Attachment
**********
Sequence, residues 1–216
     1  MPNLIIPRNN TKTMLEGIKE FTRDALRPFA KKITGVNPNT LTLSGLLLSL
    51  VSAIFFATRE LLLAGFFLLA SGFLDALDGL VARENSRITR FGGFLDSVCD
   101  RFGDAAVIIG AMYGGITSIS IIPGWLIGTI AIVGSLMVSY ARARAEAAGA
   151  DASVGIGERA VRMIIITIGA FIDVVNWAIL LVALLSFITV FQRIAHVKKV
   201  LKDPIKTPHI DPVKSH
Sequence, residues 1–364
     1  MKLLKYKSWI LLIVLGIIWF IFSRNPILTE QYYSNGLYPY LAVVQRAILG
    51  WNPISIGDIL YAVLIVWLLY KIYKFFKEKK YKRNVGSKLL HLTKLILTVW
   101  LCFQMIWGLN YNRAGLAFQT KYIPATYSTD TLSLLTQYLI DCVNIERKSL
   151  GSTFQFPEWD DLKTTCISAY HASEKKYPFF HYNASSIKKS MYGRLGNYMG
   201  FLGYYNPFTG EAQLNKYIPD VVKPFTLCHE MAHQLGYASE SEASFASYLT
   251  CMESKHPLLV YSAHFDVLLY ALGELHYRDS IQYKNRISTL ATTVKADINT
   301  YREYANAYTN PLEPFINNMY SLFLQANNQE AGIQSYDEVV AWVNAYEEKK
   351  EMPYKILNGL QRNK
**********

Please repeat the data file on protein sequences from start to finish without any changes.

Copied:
Sequence, residues 1–216
     1  MPNLIIPRNN TKTMLEGIKE FTRDALRPFA KKITGVNPNT LTLSGLLLSL
    51  VSAIFFATRE LLLAGFFLLA SGFLDALDGL VARENSRITR FGGFLDSVCD
   101  RFGDAAVIIG AMYGGITSIS IIPGWLIGTI AIVGSLMVSY ARARAEAAGA
   151  DASVGIGERA VRMIIITIGA FIDVVNWAIL LVALLSFITV FQRIAHVKKV
   201  LKDPIKTPHI DPVKSH
Sequence, residues 1–364
     1  MKLLKYKSWI LLIVLGIIWF IFSRNPILTE QYYSNGLYPY LAVVQRAILG
    51  WNPISIGDIL YAVLIVWLLY KIYKFFKEKK YKRNVGSKLL HLTKLILTVW
   101  LCFQMIWGLN YNRAGLAFQT KYIPATYSTD TLSLLTQYLI DCVNIERKSL
   151  GSTFQFPEWD DLKTTCISAY HASEKKYPFF HYNASSIKKS MYGRLGNYMG
   201  FLGYYNPFTG EAQLNKYIPD VVKPFTLCHE MAHQLGYASE SEASFASYLT
   251  CMESKHPLLV YSAHFDVLLY ALGELHYRDS IQYKNRISTL ATTVKADINT
   301  YREYANAYTN PLEPFINNMY SLFLQANNQE AGIQSYDEVV AWVNAYEEKK
   351  EMPYKILNGL QRNK